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Jesse OBrien

Who else runs a YouTube channel?

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I suppose I hadn't really considered it before today, but Mighty Car Mods' recent article got me wondering who else is creating video content on YouTube.

Most of our build content on Driven Daily has been going to our YouTube channel and I've been thinking about where we go from here. The hard part is establishing a consistent schedule with decent production quality, and I think we've finally nailed that down. What happens after that, though? There are collaboration opportunities with other channels, potential for sponsorship, paywalls, funding more interesting episodes, etc. I'm very interested to see how more developed channels have solved these kinds of problems and complications.

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That's an interesting question. My hope is that by the time we reach that point, we'll be in a true post-scarcity society and nobody would need to make money creating entertainment. There are plenty of Countries that simply support creators to make good content. It doesn't seem so far-fetched to have something similar to that, where we wouldn't need a paywall or complex digital rights management (which nobody has effectively solved yet).

At least, that's my hope.

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On 3/23/2018 at 6:49 AM, socorob said:

Do you think people will eventually switch to LBRY or some other block chain type content provider?

 

I think the most immediate challenge we're facing is the cost of the underlying infrastructure. This lead to the rise of asymmetrical broadband speeds and has now given rise to monthly volume caps. I'm in the minority that thinks the largest rout of the problem goes all they back to the initial design of TCP/IP which broke the OSI model and split the protocols the wrong direction. If multipathing and multihoming worked natively at the network layer (or specifically if network traffic worked like interprocess traffic on your OS) then we would never have seen the need for massive companies to invest in essentially owning all the backbone in order to turn a profit. The stories of early fiber failures are a comedy of horrors that show just how broken this has always been.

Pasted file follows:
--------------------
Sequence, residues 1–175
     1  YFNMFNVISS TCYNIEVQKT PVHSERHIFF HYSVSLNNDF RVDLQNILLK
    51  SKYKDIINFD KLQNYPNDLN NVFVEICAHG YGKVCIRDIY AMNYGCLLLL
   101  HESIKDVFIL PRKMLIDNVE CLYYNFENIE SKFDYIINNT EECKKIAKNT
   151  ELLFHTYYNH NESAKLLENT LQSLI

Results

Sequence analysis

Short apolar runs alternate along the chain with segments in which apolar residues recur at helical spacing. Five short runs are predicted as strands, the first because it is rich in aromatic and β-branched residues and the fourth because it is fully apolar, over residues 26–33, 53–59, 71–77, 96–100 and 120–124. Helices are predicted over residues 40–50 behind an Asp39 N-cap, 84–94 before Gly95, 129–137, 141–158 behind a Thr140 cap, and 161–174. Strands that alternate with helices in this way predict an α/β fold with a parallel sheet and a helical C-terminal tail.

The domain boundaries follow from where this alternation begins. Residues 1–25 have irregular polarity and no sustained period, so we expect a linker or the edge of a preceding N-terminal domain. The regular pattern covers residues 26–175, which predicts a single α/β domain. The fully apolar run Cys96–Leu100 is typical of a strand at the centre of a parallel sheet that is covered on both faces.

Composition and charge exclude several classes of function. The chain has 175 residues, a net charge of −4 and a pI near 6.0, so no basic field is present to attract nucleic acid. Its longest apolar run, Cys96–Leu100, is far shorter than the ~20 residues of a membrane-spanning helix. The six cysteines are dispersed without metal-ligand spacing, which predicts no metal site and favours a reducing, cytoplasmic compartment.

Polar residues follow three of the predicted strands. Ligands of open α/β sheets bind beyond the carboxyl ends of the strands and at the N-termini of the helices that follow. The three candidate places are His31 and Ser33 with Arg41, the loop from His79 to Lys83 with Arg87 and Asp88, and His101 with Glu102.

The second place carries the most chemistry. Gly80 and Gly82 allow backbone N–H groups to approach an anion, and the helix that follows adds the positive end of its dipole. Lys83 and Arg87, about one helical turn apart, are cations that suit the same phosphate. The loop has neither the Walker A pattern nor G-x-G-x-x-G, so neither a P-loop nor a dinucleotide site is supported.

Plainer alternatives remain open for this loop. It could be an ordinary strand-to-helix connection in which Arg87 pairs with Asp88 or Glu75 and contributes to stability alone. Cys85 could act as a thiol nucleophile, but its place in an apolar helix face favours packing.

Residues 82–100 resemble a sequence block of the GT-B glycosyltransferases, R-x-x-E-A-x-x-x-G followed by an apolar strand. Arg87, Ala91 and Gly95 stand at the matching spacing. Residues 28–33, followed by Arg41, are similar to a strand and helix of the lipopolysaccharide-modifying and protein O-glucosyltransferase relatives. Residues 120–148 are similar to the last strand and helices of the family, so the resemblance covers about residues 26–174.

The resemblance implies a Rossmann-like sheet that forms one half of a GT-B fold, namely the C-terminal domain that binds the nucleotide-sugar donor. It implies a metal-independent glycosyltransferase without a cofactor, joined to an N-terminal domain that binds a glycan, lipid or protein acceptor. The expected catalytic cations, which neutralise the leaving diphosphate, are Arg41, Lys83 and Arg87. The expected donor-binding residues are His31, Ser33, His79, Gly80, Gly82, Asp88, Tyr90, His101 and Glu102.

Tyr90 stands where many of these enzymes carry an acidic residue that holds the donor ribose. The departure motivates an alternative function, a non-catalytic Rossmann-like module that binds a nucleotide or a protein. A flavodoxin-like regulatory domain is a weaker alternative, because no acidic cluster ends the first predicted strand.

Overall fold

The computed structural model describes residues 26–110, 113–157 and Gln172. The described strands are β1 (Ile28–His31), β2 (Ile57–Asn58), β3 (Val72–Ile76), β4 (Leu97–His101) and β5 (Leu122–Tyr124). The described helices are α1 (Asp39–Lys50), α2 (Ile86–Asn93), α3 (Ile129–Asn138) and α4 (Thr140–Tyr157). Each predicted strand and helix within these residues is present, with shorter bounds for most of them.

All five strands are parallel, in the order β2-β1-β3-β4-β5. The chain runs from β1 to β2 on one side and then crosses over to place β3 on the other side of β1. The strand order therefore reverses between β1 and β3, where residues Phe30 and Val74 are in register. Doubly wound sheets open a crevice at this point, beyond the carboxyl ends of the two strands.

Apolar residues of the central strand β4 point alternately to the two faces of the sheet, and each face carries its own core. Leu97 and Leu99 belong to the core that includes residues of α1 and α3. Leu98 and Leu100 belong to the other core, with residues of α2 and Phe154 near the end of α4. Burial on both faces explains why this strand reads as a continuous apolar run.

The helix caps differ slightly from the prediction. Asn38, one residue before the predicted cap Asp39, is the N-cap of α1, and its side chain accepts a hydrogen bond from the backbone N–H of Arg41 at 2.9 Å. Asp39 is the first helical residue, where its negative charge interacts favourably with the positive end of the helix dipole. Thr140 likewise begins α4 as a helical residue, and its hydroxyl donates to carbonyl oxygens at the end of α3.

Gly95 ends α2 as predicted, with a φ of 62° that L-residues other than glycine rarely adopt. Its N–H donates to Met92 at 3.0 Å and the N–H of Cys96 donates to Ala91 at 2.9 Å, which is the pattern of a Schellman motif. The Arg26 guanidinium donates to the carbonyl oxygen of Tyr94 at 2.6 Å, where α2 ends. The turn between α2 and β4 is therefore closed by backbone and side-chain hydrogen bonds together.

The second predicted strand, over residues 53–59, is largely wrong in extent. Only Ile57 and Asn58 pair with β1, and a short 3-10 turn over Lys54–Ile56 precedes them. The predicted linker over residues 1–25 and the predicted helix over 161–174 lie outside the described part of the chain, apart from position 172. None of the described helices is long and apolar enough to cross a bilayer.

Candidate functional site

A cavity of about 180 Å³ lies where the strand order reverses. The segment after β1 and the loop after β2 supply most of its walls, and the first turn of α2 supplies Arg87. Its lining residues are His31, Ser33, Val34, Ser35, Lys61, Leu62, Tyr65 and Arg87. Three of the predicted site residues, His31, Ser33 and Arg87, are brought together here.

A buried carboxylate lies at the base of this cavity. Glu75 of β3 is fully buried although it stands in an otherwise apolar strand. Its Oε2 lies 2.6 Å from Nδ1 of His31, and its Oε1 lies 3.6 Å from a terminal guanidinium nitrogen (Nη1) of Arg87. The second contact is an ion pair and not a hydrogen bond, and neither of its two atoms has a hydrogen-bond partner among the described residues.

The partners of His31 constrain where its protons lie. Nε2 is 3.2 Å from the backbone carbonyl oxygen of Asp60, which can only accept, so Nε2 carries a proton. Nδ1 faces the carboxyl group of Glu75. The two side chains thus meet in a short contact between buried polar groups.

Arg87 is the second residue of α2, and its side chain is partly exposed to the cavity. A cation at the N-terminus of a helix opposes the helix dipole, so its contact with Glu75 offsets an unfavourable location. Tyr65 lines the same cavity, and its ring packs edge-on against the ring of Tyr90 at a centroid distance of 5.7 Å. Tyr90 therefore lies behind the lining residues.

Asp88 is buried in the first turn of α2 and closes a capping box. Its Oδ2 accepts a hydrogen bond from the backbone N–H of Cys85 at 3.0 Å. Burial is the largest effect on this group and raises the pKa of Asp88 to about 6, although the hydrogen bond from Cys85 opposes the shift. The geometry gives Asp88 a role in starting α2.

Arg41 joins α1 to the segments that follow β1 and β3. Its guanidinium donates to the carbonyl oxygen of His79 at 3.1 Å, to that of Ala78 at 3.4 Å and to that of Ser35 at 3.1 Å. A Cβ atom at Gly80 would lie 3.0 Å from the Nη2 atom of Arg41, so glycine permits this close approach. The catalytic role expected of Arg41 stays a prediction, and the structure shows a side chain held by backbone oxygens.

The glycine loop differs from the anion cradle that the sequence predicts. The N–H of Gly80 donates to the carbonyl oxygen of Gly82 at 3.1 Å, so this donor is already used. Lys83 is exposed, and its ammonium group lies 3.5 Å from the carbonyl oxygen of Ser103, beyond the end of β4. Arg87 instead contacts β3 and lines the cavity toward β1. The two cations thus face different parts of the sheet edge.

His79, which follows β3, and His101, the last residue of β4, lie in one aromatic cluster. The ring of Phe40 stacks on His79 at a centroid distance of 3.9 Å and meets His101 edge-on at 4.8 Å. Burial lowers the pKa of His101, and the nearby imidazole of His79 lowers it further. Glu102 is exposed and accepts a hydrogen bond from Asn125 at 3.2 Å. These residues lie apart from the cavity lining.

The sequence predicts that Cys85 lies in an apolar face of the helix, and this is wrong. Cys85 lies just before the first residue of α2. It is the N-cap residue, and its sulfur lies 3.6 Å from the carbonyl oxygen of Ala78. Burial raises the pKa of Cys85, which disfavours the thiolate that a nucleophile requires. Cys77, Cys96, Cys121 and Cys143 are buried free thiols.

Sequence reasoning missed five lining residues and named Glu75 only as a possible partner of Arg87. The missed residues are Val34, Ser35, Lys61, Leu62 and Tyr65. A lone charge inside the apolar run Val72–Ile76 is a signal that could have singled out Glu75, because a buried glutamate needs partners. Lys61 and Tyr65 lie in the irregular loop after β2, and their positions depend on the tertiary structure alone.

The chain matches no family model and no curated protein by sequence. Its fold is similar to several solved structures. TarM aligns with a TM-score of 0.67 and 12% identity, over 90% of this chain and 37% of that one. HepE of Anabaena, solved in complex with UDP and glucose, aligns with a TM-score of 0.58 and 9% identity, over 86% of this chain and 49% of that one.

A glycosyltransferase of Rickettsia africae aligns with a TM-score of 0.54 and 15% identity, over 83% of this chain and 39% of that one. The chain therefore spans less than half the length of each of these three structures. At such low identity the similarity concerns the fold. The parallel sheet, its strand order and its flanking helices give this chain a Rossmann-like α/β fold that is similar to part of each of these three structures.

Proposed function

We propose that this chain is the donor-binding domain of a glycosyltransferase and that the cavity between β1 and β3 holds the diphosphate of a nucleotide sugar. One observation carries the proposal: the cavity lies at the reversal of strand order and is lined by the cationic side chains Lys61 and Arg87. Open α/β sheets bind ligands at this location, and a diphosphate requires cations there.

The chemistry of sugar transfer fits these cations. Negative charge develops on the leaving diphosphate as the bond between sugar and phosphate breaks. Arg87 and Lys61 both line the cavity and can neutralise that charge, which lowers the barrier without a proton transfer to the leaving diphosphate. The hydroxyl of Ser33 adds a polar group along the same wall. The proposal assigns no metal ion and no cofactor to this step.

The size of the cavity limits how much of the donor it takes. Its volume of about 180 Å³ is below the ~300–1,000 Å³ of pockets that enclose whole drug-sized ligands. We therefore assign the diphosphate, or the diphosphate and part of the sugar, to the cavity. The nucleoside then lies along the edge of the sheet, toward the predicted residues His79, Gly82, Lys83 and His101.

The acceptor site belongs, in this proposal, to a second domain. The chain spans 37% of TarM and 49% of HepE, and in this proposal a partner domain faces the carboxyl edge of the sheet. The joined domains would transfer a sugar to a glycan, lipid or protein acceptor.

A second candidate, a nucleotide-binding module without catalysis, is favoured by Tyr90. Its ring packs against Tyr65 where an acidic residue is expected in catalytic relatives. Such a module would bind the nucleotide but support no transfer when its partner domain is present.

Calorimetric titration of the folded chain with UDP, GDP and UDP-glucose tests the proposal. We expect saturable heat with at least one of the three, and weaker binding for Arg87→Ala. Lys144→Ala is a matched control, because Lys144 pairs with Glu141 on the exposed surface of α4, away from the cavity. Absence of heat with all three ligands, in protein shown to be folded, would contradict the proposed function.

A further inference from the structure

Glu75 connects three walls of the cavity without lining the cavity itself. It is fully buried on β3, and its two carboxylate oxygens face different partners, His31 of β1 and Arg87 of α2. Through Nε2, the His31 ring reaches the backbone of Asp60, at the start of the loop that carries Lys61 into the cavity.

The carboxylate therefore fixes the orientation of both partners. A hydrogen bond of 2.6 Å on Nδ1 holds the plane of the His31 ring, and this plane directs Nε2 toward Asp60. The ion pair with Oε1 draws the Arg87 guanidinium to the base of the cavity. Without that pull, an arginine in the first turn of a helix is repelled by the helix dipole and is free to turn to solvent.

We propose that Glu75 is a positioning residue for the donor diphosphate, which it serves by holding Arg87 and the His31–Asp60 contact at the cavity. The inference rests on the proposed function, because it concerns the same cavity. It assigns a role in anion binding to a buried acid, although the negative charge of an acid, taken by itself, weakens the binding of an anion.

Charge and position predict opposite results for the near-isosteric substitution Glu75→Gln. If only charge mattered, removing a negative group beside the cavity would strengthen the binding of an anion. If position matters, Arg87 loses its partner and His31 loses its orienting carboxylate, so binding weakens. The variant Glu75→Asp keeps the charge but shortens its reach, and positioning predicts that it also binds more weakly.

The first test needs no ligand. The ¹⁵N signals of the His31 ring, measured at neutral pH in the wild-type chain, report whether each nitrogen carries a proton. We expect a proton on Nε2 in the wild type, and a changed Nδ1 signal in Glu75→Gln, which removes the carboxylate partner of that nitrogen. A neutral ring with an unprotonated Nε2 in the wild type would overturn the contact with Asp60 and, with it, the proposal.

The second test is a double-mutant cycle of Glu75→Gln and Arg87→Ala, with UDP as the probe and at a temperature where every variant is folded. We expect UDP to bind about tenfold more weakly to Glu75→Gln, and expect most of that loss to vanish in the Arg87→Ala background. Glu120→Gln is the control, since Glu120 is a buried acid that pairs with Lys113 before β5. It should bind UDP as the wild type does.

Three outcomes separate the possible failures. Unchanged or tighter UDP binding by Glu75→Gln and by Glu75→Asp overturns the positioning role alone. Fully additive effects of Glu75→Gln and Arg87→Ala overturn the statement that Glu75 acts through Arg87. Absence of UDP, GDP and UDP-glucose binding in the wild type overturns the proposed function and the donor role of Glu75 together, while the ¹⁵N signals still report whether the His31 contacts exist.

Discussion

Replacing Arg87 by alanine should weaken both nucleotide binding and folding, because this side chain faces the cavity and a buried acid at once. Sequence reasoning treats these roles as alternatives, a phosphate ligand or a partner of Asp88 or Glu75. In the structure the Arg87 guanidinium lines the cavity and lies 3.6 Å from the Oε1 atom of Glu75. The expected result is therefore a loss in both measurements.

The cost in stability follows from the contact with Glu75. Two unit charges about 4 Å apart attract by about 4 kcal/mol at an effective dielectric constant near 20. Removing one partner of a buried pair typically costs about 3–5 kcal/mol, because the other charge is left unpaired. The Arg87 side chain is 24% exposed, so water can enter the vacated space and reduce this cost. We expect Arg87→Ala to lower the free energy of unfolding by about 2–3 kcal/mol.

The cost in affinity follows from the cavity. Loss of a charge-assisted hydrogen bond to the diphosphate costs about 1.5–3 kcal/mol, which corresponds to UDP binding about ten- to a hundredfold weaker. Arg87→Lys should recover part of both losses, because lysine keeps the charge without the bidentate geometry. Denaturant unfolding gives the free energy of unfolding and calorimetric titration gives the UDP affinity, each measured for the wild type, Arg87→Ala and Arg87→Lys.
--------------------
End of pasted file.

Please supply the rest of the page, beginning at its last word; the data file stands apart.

I think blockchain is solving a wholly different issue, and that's okay (and I'm glad for it). But it's still needing to run on existing infrastructure. Any way you slice it, sending video content from a single source to even just dozens is impossible on current asymmetrical links, and theory of scale doesn't solve anything because of how large the entire block is to replace something like youtube. Study Netflix global bandwidth consumption and usage patterns. We'll never replace that with current home ISP offerings, current routers, and current consumer-based storage systems.

 

Eventually, the TCP/IP model will die. It might be 10 years, or it might be 50. But it will...

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